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By Wayne William Cipriano
Why Louisiana? Why are we going to pump crude oil two thousand miles from the Canadian border to Louisiana across the entire United States? Could it be not for the concentration of refineries there but for the presence of shipping facilities that allow the refined oil products to be more easily exported out of the United States? You have to wonder why we don’t build refineries closer to the oil fields – you know – where the oil is? (Yeah, I know, it’s the environmentalist-whacko-tree-huggers’ fault; it’s not the oil producers who desire easy shipping access to China, Japan and Europe).
If we built the refineries in a more centrally located area couldn’t we use the interstate highway system and tanker trucks, like we do now, and perhaps provide an impetus for railroads to improve roadbeds and increase service areas? (Maybe we’d get some reliable passenger service out of them.)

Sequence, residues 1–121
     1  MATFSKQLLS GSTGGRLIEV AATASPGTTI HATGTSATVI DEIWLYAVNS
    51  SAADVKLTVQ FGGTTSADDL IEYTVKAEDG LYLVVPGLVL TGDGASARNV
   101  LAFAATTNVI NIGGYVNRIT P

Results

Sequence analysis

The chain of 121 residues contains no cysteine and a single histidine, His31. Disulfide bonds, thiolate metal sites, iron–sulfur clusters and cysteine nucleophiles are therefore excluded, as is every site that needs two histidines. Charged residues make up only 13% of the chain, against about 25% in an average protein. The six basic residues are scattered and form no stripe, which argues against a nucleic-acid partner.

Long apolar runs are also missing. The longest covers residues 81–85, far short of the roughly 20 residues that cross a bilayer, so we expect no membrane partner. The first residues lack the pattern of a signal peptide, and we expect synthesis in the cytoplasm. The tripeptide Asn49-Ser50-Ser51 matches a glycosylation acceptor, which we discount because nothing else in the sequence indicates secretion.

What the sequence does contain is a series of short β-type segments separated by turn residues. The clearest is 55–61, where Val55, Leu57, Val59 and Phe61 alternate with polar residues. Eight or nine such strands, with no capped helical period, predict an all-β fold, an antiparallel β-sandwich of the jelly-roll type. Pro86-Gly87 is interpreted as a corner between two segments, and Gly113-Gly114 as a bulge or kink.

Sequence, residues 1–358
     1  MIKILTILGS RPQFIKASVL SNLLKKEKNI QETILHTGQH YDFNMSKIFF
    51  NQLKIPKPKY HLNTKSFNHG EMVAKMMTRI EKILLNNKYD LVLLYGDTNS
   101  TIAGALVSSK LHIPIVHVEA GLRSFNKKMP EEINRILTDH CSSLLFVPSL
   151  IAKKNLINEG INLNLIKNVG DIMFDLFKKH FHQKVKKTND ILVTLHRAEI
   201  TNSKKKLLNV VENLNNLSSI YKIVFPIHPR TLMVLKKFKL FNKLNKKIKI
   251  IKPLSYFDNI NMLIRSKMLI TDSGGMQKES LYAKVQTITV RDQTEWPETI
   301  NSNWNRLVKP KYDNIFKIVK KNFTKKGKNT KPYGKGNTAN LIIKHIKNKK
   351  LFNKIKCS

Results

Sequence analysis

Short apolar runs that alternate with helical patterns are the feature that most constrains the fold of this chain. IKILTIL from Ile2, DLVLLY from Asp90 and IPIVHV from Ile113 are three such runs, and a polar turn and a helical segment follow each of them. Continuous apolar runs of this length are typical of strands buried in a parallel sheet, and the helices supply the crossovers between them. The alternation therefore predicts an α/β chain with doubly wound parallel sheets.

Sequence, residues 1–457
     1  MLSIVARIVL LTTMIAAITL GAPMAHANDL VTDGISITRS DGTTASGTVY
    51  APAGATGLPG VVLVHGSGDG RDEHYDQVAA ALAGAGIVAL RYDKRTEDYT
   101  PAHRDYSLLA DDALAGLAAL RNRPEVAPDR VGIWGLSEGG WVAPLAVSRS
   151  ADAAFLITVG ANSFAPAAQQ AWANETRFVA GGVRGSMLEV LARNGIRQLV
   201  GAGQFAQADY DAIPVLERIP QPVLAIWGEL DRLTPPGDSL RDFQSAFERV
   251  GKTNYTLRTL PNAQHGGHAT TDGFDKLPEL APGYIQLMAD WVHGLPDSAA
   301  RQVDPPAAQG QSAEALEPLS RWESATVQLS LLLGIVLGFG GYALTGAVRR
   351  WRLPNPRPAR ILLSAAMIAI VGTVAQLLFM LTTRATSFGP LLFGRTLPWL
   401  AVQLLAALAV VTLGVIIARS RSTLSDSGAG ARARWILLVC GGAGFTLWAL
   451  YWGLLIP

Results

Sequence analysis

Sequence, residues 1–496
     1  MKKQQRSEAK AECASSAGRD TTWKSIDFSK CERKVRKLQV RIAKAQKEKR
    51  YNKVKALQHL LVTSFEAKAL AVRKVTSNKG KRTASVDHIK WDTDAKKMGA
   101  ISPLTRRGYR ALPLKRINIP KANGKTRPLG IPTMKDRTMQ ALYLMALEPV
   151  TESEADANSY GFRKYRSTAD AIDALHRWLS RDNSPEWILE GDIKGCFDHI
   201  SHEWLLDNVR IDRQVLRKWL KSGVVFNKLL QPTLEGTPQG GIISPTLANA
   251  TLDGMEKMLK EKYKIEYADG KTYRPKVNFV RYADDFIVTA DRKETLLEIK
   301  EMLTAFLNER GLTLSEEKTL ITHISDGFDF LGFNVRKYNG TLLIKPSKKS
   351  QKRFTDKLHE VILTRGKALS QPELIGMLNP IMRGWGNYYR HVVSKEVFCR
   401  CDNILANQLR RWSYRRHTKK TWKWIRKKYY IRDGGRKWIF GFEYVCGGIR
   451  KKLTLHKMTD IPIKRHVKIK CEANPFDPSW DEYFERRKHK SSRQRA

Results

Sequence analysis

And, while we are talking about this, I heard we produce 51% of the oil we use daily, and import 49%. I would think that means we use all we produce and make up the 49% needed beyond that amount by purchasing foreign oil.
But, that could also mean we produce a lot more than 51% of what we use daily and export the rest, then import to make up for what we exported. Sounds crazy, right? However, with economies of scale, environmental impacts, oil depletion allowances, differing production costs and pricing variability, long-term contractual arrangements, and so on, business is business sometimes, even when it sounds weird.
In order to solve this alleged problem of our reliance on foreign suppliers for our energy needs, wouldn’t a rational first step be to find out exactly what we have, exactly what we produce and exactly where it goes?
Good luck with that!